Shakespeare’s Globe, London – until 9 July 2017
Guest reviewer: Tom Ward
It is immediately evident from the beginning that Daniel Kramer’s current version of Romeo and Juliet is not the classical tale of two “star-crossed lovers” we are familiar with. The show opens to the sound of children’s voices echoing dangerously throughout the theatre, whilst two characters give birth (and I mean this literally) to two black coffins, and therefore the story, beneath two giant bombs and a tattered black mezzanine hang from the ceiling. The production’s themes shine instantly; the inevitability of death is brought forth with joyful ambition and a childish playfulness.
Kramer’s lead characters (Edward Hogg and Kirsty Bushell) mock their traditionally attributed archetypes. Neither character is physically stunning, thus helping to ground them in our own twisted reality. In fact, the characters gradually become less beautiful to match the grotesque progression of the plot; their face paint (a combination of South American and Clown influences) disintegrates to nothing more than a twisted smudge, thus damaging their physique. The physicality of both actors merges with that of their characters to enhance our appreciation of their subconscious.
This stark grotesqueness underpins the majority of Kramer’s concept – a gritty reality that shines with comical colloquialisms. Social and cultural references make this piece incredibly accessible in an attempt to connect with younger or less experienced audiences. These moments however lack subtlety – a parcel from FedEx is thrust into the air for an inordinate amount of time, a clear attempt to make sure that the audience receives the joke.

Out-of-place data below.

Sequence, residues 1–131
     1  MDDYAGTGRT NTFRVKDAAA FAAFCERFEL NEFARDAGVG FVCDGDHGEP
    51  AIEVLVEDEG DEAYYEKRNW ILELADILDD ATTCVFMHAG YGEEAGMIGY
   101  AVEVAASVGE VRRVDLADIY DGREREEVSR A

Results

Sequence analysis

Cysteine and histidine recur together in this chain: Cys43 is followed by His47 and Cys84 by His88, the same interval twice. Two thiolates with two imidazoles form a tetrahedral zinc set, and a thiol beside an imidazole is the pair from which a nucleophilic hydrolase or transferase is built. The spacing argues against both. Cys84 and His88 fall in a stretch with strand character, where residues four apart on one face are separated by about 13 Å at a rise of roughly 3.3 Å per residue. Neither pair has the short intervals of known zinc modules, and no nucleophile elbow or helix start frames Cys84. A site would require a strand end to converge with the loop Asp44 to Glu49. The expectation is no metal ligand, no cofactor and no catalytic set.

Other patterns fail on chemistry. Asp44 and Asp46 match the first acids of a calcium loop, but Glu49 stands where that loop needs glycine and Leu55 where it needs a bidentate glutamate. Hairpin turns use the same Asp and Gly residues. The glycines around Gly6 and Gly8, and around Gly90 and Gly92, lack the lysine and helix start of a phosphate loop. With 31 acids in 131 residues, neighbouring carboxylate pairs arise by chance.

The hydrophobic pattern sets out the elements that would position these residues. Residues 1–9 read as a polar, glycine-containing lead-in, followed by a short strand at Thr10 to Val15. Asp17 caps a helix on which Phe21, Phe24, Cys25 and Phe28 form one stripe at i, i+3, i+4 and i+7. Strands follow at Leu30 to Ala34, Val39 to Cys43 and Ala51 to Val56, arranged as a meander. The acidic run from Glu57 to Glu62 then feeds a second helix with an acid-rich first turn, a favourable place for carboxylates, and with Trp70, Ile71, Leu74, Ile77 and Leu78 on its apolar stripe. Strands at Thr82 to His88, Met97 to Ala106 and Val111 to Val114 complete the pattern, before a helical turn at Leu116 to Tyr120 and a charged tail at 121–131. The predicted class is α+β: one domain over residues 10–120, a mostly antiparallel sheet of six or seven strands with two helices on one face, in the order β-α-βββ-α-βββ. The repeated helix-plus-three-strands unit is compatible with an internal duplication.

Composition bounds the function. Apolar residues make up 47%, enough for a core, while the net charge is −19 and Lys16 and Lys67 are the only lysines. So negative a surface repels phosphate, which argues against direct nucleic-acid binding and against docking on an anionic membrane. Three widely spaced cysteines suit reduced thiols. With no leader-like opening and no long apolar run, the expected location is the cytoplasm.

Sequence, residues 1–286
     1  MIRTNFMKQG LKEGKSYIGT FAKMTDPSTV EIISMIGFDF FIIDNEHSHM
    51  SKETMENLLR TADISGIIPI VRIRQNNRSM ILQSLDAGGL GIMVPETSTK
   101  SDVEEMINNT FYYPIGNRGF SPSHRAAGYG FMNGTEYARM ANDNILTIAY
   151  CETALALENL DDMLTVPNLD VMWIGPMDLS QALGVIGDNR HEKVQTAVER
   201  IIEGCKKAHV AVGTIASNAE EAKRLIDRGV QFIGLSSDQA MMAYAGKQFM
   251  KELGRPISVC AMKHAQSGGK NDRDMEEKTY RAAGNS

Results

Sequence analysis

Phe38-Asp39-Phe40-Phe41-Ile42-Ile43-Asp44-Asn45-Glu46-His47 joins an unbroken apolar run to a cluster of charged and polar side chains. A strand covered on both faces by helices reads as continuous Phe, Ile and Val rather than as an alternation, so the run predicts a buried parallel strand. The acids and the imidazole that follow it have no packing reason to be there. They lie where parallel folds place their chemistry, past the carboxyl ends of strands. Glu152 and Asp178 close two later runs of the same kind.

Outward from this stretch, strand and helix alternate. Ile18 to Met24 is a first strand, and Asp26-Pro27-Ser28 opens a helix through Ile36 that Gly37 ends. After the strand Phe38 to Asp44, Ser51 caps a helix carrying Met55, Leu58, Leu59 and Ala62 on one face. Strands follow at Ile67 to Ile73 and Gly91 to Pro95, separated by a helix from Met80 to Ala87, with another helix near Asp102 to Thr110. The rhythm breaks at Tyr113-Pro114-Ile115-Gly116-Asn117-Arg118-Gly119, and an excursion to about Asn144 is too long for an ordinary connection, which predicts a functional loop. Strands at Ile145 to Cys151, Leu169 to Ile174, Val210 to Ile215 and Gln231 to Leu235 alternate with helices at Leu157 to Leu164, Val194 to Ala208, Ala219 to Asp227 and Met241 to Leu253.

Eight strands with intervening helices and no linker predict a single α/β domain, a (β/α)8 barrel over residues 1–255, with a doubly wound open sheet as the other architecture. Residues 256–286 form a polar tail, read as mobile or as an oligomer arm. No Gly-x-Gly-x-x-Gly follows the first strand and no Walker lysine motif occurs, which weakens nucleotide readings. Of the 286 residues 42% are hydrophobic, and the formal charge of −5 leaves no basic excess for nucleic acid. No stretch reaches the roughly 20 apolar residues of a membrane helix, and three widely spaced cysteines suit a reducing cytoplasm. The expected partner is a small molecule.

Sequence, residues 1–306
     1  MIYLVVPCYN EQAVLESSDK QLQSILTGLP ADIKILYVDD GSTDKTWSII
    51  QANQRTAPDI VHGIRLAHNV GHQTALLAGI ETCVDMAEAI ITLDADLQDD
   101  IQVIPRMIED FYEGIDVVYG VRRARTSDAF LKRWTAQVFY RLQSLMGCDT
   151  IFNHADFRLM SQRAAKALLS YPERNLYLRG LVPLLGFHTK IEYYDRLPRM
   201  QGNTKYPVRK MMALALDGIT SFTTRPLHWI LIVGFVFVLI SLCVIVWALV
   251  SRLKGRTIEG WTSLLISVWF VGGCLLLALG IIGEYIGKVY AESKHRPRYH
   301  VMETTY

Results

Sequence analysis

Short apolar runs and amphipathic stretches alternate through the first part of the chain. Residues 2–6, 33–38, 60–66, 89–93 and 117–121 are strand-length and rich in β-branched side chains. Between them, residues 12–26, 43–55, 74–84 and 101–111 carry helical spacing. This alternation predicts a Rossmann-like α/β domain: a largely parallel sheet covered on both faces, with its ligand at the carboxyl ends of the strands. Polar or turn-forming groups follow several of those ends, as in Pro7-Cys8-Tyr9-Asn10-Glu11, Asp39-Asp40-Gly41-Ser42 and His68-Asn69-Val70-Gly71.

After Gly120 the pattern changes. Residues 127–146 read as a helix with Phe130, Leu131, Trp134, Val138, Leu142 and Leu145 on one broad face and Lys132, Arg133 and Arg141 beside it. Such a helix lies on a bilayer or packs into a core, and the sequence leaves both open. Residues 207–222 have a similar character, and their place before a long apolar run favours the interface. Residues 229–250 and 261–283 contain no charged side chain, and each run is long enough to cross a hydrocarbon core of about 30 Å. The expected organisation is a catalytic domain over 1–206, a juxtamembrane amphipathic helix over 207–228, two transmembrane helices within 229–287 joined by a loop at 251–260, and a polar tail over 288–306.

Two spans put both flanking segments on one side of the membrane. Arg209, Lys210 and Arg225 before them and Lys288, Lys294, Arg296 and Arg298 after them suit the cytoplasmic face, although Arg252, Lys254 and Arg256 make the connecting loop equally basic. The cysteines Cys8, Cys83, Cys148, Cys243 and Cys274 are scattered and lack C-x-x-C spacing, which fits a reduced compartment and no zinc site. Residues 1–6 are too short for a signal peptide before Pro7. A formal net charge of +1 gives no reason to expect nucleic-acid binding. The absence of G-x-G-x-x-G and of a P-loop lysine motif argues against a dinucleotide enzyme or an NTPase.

There are moments where Kramer’s attempts to produce a coherent style loses its momentum. Lord Capulet’s (Gareth Snook) physical outburst towards his disobedient daughter is engaging, but its delivery pulls any tension away from the scene, particularly in Snook’s use of brash physical gestures.
The most refreshing aspect of Romeo and Juliet is Kramer’s utilisation of queerness as a tool for play, celebration and pleasure without a hint of sexuality. Despite the stereotypical use of The Village People’s YMCA during the Capulet’s party, it enables Kramer to open the show up to the possibility of exploration sexual fluidity and yields some very positive outcomes.
The nature of Kramer’s experimentation means that not everything is going to be successful in this over-worked production. However, being too purist about Shakespeare is going to have a dampening effect on its relevance in the coming years. It is enthralling to witness a production that attempts to move Shakespeare into an image based text, rather than a linguistic one, so give credit to directors like Daniel Kramer – it is these theatre makers that are going to keep the Bard vibrant and stimulating for years to come.